Five tweaks is all it took for a team of virologists at Erasmus Medical Center in the Netherlands to genetically modify the H5N1 virus -- commonly known as bird flu -- and make it something some have said should not have been created while others advocate its importance in transmissibility studies.
According to Science Magazine's Science Insider, Ron Fouchier genetically modified H5N1 to be easily transmissible to ferrets, which are an animal that react in a similar fashion to humans with regard to the flu. Science Insider reports that a separated study conducted by virologist Yoshihiro Kawaoka at the University of Wisconsin, Madison, and the University of Tokyo with H5N1 achieved similar results in terms of transmissibility of the genetically altered virus.
Science Insider has more:
Both studies have been submitted for publication, and both are currently under review by the U.S. National Science Advisory Board for Biosecurity (NSABB), which on a few previous occasions has been asked by scientists or journals to review papers that caused worries.
NSABB chair Paul Keim, a microbial geneticist, says he cannot discuss specific studies but confirms that the board has "worked very hard and very intensely for several weeks on studies about H5N1 transmissibility in mammals." The group plans to issue a public statement soon, says Keim, and is likely to issue additional recommendations about this type of research. "We'll have a lot to say," he says.
"I can't think of another pathogenic organism that is as scary as this one," adds Keim, who has worked on anthrax for many years. "I don't think anthrax is scary at all compared to this."
Some scientists say that's reason enough not to do such research. The virus could escape from the lab, or bioterrorists or rogue nations could use the published results to fashion a bioweapon with the potential for mass destruction, they say. "This work should never have been done," says Richard Ebright, a molecular biologist at Rutgers University in Piscataway, New Jersey, and the Howard Hughes Medical Institute who has a strong interest in biosecurity issues.
Aside from a potential outbreak from the lab where the genetically modified virus is kept, Ebright is expressing his reserve over what's called dual use research, or research that is meant to help the public, but could also be used against it. Here's a video dialogue about dual use research from NSABB:
[youtube http://www.youtube.com/v/0yS1ur24j40?version=3&hl=en_US expand=1]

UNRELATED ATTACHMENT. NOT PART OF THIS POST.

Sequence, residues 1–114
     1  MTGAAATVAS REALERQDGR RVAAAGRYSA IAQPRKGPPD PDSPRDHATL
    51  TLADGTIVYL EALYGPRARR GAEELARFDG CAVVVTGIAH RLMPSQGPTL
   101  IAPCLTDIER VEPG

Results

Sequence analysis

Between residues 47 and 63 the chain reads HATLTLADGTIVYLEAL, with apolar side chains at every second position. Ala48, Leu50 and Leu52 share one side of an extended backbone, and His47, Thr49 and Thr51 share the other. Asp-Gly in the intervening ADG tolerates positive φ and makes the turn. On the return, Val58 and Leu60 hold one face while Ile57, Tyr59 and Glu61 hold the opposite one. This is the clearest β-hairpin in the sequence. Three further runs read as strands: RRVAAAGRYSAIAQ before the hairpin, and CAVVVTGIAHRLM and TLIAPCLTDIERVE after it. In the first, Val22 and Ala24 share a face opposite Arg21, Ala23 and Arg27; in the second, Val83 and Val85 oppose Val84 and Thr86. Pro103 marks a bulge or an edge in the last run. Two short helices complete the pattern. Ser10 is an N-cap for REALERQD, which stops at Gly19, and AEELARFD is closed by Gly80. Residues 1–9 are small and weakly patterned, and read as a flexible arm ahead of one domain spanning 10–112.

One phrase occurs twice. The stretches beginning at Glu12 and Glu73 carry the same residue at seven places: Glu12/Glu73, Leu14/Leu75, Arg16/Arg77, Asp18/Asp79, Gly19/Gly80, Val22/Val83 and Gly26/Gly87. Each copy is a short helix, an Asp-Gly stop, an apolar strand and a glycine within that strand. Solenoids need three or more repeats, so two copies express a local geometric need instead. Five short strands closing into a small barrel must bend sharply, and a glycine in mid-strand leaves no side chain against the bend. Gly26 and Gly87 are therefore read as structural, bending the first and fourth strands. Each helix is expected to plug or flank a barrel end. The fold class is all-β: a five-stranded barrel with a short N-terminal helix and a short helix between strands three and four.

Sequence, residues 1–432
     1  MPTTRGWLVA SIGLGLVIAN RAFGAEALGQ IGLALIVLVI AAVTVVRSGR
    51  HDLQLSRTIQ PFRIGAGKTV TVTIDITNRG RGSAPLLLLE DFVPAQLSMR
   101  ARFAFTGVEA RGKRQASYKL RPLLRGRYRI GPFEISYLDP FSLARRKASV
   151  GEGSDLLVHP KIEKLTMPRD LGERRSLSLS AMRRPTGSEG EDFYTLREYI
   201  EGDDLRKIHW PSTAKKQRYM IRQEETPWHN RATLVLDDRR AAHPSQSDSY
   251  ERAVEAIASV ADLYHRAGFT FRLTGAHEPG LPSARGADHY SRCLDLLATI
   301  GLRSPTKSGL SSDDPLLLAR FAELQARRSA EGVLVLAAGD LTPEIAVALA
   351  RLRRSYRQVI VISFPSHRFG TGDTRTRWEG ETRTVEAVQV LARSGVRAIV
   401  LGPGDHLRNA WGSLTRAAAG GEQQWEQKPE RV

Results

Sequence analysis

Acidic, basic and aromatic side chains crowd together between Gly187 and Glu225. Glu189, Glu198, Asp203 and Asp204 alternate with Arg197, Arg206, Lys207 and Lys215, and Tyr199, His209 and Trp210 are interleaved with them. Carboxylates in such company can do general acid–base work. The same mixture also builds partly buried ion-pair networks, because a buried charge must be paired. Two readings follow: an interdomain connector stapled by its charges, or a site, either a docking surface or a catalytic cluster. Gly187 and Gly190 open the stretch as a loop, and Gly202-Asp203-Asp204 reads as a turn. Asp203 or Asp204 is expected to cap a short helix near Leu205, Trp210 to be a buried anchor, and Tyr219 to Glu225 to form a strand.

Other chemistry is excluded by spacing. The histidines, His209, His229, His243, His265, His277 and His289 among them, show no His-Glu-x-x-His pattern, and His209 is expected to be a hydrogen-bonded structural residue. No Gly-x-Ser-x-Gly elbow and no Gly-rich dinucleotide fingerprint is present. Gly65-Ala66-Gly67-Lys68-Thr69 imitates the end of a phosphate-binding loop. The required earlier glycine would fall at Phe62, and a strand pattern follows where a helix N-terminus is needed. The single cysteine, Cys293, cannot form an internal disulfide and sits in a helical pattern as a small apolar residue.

The point of both studies, according to Science Insider, was to see if this disease could ever have pandemic potential, which means it would need to be passable from human to human. In its current form H5N1 is not generally passed from human to human but from birds to humans. It is the flu that, according to Daily Mail, killed more than 500 people since 2004.
New Scientist reports that Fouchier recently presented his results at a scientific meeting about the flu, and here's what the researchers did to modify the virus:
They first gave H5N1 three mutations known to adapt bird flu to mammals. This version of the virus killed ferrets, which react to flu viruses in a similar way to humans. The virus did not transmit between them, though.
Then the researchers gave the virus from the sick ferrets to more ferrets -- a standard technique for making pathogens adapt to an animal. They repeated this 10 times, using stringent containment. The tenth round of ferrets shed an H5N1 strain that spread to ferrets in separate cages -- and killed them.
The process yielded viruses with many new mutations, but two were in all of them. Those plus the three added deliberately "suggest that as few as five are required to make the virus airborne", says Fouchier. He will now test H5N1 made with only those five.
All the mutations have been seen separately in H5N1 from birds. "If they occur separately, they can occur together," says Fouchier. Malik Peiris of the University of Hong Kong, a flu virologist, says this means H5N1 transmissible between humans can evolve in birds, where it is circulating already, without needing to spend time in mammals such as pigs.
Some scientists such as Peter Palese, a flu specialist at Mount Sinai Medical Center in New York City, New Scientist reports, have said they don't think the virus would be able to mutate to be able to be passed from human to human, and therefore reach pandemic proportions. But others have said just because it hasn't mutated to that point yet, doesn't mean it won't.
Science Insider reports that the U.S. National Institute of Health funded this research. According to the U.S. National Library of Medicine, the Food and Drug Administration already has a vaccine that could protect humans from this flu, especially in the event of it beginning to spread between humans.
Science Insider reports that the U.S. National Institute of Health funded this research and states that Fouchier expects "a media storm" to result once NSABB issues its statement and the papers are officially published.